There is a certain calm that has descended since the election, and for that we should be thankful.

We still have Trump to kick around for awhile, but fewer and fewer people are listening to what he says about coronavirus or the man on the moon. It's good that Thanksgiving, especially this year, comes not long after Election Day. We all need a break.

Our president-elect is, so far, no savior outside the fact that he is not Trump, and our vice president-elect is scarier: How can someone whose presidential bid imploded like Kamala Harris' did be ready to run the country? That Joe Biden got elected proved that anyone can be president in America a dozen years after Barack Obama proved that anyone can be president in America and four years after Trump proved that anyone can be president in America.

Maybe Biden, now that he's reached the top, will molt and become a different person than the plagiarist who bought houses he couldn't afford while a young politician and put Anita Hill in a crucible and voted for a racist crime bill and supported the Iraq War and backed No Child Left Behind before changing his mind and...

The list goes on. Biden reminds me of Hubert Humphrey, a New Dealer who did four Senate terms, ran twice for president before becoming vice president, then, after getting beat by Nixon in 1968 in a third presidential bid, kept trying. "Hubert Humphrey is a treacherous, gutless old ward heeler who should be put in a goddamn bottle and sent out with the Japanese current," Hunter S. Thompson wrote in 1972, when the candidate's fourth attempt at the White House fell short. Sixteen years later, Biden withdrew early from his first presidential campaign after passing off lines from Humphrey and others as his own. In 2008, Democratic voters snubbed Biden, who pulled out of the primary after landing nearly 1% of the vote in Iowa.

While thankful it didn't happen, we shouldn't forget how close Trump came to getting re-elected while Republicans, for once outspent, made laughingstock of blue-wave hopes in Congress and lesser races throughout the land. If Trump hadn't been such a twit when it didn't matter, he might have won states like Arizona, where the late John McCain was a draft dodger's favorite target.

Coronavirus remains the big issue, and if Trump would leave the White House immediately in exchange for $1 billion, it's a deal we should consider. Absent a vaccine and after nine months of battling a virus so stupid it doesn't know where one state ends and another begins, the path to progress seems obvious if not easy. Assuming trends continue, we need to shut things down on a national level and install the mother of all relief measures for owners of bars, restaurants, theaters, concert halls and other gathering spots, as well as employees. Don't give $1,200 checks to everyone with a pulse or bailouts to the Los Angeles Lakers, like we did last time. While many have suffered, fears of another Great Depression haven't materialized, and the stock market has recovered. We can afford more relief, but, also, we should demand better than we got last spring, when things were happening so fast that getting it right was impossible.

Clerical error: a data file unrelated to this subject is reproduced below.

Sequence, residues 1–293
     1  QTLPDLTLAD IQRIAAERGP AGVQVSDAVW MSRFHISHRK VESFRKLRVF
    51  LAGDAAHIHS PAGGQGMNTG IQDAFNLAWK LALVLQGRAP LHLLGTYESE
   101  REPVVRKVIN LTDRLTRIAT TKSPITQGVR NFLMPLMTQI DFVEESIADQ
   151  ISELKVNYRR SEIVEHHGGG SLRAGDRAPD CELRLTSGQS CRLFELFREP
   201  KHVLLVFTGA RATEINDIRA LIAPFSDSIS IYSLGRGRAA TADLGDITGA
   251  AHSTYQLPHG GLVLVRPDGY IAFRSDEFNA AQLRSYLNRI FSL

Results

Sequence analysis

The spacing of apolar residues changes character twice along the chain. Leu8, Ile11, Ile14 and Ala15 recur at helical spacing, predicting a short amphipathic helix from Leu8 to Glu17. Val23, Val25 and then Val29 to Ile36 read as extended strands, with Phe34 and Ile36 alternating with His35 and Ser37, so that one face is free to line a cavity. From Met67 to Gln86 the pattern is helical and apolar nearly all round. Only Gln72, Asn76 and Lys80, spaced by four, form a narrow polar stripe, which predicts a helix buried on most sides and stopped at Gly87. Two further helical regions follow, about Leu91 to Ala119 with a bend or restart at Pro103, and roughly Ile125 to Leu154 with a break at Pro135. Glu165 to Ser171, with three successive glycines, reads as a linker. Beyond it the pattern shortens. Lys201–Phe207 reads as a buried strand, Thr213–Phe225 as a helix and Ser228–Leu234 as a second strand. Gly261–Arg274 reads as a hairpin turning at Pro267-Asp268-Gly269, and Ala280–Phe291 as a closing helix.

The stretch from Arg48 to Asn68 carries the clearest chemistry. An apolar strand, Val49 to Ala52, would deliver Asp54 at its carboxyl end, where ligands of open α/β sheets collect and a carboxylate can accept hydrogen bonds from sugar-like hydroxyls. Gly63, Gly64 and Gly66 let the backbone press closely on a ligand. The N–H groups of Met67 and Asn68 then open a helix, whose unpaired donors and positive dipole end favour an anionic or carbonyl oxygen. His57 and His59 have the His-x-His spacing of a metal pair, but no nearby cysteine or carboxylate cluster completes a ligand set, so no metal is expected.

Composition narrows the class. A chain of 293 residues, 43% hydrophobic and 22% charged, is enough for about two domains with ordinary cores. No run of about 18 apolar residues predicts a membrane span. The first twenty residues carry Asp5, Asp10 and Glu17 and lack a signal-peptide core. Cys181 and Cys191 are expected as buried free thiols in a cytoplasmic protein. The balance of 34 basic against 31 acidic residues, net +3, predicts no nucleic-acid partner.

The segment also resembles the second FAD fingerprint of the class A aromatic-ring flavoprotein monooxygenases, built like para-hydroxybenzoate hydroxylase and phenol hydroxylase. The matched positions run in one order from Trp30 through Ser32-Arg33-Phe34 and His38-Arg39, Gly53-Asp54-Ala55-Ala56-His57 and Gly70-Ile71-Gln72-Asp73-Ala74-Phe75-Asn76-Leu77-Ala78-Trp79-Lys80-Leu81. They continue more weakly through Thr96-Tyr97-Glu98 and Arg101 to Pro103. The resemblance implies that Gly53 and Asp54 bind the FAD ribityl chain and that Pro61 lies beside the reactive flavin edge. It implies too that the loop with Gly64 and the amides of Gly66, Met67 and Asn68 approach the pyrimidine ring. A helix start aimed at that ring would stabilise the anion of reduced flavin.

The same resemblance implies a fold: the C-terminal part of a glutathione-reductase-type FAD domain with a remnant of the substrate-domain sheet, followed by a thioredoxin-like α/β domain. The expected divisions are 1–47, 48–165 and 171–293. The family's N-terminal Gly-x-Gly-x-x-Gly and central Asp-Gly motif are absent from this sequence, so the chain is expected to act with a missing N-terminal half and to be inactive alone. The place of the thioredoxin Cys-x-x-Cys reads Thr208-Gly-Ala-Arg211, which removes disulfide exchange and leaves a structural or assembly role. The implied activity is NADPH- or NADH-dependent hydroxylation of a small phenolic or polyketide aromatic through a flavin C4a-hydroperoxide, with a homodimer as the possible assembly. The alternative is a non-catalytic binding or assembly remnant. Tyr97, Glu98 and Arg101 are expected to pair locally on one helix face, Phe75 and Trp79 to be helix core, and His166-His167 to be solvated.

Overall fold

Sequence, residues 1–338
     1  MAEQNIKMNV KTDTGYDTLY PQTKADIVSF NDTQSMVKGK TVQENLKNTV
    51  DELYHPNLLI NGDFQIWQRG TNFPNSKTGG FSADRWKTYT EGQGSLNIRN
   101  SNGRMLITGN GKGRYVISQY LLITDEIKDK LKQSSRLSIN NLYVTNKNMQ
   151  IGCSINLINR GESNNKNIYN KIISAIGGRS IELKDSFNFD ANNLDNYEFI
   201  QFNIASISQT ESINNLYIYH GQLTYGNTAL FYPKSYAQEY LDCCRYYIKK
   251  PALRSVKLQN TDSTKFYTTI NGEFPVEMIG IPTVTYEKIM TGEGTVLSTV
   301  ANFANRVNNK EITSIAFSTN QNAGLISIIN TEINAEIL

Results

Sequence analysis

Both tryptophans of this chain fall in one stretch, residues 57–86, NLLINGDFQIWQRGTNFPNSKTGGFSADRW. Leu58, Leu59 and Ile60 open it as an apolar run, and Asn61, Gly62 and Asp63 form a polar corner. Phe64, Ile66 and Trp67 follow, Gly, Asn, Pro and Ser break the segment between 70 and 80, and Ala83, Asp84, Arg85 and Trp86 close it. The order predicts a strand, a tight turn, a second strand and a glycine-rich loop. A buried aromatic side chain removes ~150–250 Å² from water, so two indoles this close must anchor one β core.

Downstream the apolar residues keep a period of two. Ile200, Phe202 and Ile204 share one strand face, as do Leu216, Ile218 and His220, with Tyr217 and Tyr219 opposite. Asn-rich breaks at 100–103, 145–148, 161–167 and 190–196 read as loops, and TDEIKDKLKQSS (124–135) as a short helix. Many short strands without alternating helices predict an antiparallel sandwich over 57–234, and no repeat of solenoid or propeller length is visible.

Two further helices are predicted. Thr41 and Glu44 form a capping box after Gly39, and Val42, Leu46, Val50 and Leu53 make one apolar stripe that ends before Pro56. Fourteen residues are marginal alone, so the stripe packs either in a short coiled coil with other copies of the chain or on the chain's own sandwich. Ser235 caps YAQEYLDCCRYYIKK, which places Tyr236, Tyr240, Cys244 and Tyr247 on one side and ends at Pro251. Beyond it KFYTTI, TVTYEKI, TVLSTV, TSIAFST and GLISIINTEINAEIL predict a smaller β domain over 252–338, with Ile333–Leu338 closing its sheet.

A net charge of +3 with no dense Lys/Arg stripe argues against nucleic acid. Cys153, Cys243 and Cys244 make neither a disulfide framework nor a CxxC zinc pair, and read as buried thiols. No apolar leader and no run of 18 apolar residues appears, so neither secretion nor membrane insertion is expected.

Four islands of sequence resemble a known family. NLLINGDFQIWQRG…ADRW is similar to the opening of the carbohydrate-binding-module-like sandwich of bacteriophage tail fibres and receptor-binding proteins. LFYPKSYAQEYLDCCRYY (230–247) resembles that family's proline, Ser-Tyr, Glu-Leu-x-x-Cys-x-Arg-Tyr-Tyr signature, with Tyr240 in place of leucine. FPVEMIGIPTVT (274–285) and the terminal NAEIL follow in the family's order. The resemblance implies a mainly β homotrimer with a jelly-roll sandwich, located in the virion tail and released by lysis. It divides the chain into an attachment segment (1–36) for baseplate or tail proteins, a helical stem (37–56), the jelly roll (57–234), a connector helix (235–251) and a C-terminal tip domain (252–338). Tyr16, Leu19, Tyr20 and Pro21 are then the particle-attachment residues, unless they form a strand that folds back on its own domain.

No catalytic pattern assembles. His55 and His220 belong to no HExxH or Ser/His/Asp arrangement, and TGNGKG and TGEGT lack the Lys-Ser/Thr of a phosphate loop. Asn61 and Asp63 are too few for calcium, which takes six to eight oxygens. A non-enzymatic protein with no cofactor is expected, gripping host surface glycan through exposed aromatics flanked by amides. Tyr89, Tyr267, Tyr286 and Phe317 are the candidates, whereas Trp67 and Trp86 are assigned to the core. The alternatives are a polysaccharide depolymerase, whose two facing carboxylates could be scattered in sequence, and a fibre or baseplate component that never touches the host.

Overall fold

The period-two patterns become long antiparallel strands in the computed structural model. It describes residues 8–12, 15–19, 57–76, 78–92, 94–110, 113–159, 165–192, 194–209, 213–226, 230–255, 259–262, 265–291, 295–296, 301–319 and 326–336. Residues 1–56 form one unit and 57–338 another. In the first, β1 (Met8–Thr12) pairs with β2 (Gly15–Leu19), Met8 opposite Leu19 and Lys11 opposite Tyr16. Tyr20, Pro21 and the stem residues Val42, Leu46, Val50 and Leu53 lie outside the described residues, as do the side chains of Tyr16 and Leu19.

After pressing reset, reopen rationally, with no wrist-slap fines for flagrant scofflaws: Break the rules and you're closed, and if you got federal money to tide you through, what you got must be paid back pronto. Back businesses by ticketing maskless covidiots. Accounting firms, law offices and widget makers that keep employees working from home should be rewarded with tax breaks – offices are the second-most common place where contact tracing shows people have been exposed, behind bars and restaurants, according to the Sangamon County Department of Public Health. 

States that don't meet and maintain positivity targets should face loss of federal funds for parks, roads and other public projects while states that go beyond should be rewarded. Sturgis and South Dakota might think twice about allowing next year's motorcycle rally if the feds whack transportation money and close Mount Rushmore.

America always has liked tough guys, so Biden shouldn't be afraid to turn Trump when it comes to COVID – most Americans, already, are acting responsibly, and by the time litigation ended, proof of concept would be on his side. Dr. Anthony Fauci, who knows more about pandemics than most anyone, recently told The New York Times that masks and social distancing might be obsolete by next Thanksgiving, given vaccine developments. The economy, the doctor said, doesn't have to shut down until then: We just have to be smarter, and increased testing capacity would help.

Old habits die hard in old men, and conquering coronavirus is tough for ward heelers. We'll soon see whether Biden can bend wills through persuasion when possible and get results through other means if necessary to make next year's holiday happier than the one we celebrate now.

Contract Bruce Rushton at

brushton@illinoistimes.com.

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